When the National Museum of Natural History first opened its doors to the public 100 years ago, the principal exhibits on display were not, as you might expect, about natural history. Instead, they featured paintings and sculpture—the objects that made up the recently established National Gallery of Art.
The art collections were displayed where today you find a Giant Squid, Basilosaurus, and a life-size model of a North Atlantic Right Whale—in the Sant Ocean Hall. Sculptures also adorned the Rotunda, where the Fénykövi Elephant stands. The art remained on exhibit in the building until the mid- 1960s (!), when it was relocated to the old Patent Office Building (where it now forms part of the collections of the National Portrait Gallery and Smithsonian American Art Museum).
Having art in the natural history building had some surprising benefits. For one Smithsonian taxidermist, William L. Brown, the opportunity to study fine sculpture every day on his lunch break provided an endless source of inspiration. Brown took every opportunity he could to visit a marble sculpture of two sleeping children that was in the Rotunda. He wrote, “I probably spent more time looking at the sleeping babes than any other exhibit in the museum. … The material used to make this masterpiece was so hard but looks so soft and I think it is the most beautiful thing I ever saw done by human hands.” You can see William Henry Rinehart’s Sleeping Children today in the Luce Foundation Center on the third floor of the Smithsonian American Art Museum.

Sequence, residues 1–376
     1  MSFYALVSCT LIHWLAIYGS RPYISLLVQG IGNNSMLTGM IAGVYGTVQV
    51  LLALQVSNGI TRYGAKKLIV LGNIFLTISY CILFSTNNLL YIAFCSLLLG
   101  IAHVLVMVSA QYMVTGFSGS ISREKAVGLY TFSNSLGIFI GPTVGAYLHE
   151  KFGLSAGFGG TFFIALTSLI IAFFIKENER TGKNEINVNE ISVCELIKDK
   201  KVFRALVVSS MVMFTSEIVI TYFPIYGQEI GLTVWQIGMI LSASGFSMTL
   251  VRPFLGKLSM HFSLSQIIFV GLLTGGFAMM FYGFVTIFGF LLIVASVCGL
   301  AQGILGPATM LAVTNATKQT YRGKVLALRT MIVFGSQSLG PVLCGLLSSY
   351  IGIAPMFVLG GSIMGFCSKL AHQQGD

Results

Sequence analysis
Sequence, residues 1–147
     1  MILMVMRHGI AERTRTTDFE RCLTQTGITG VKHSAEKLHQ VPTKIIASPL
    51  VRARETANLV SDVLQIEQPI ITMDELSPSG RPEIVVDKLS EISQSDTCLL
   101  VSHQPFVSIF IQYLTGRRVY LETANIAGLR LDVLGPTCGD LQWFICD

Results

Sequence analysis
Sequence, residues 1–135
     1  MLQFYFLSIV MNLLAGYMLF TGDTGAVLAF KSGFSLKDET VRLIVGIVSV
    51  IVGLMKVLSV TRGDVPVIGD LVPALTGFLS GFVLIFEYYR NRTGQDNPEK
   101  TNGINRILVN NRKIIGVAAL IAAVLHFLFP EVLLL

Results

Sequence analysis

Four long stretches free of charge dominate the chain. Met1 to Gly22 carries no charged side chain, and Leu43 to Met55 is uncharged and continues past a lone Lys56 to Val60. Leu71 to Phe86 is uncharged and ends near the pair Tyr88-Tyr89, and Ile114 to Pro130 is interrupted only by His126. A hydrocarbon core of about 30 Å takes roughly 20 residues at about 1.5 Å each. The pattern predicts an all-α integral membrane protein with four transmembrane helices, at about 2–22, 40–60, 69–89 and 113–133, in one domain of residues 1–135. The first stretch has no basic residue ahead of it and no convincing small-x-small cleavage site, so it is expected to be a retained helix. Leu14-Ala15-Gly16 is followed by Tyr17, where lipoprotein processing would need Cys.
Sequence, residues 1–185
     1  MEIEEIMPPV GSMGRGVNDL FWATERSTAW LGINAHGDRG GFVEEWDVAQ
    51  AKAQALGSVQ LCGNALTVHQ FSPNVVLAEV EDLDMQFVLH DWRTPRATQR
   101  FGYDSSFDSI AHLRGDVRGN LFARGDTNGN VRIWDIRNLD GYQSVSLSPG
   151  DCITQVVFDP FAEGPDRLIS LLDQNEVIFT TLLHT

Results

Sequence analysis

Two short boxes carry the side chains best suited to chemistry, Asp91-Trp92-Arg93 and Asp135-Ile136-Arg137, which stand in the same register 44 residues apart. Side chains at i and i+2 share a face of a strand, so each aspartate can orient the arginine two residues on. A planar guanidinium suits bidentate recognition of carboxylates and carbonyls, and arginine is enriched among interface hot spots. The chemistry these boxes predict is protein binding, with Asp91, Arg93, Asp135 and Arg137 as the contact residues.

Brown first came to the Smithsonian in March 1908, paid at the rate of $25 a month. It was only a few years later that the animals from the Smithsonian-Roosevelt Expedition arrived in Washington—an event that proved very exciting for a young taxidermist-in-training.
Years later, as chief taxidermist, Brown had the opportunity to work on many of these animals again, in the 1950s, when the original displays were taken down and the mounts restored and placed in new diorama-style installations, under the Exhibits Modernization Program.
Brown was most proud of the hippo that he and his fellow taxidermists (including Watson Perrygo) mounted in the early 1930s. On the back of this photo he wrote: “This was when I was best. 40 yrs old. As a taxidermist. I was the first person ever to mount a successful hippo and probably will be the last.” No doubt he would have been very pleased to know that taxidermist Paul Rhymer said just last year that it was the best preserved specimen he had ever seen!
One of the last projects Brown worked on, before his retirement in 1959, was the mounting of the Fénykövi Elephant, an enduring icon of the Museum. Brown’s papers are at the Smithsonian Institution Archives.
Heather Ewing, Research Associate, Smithsonian Institution Archives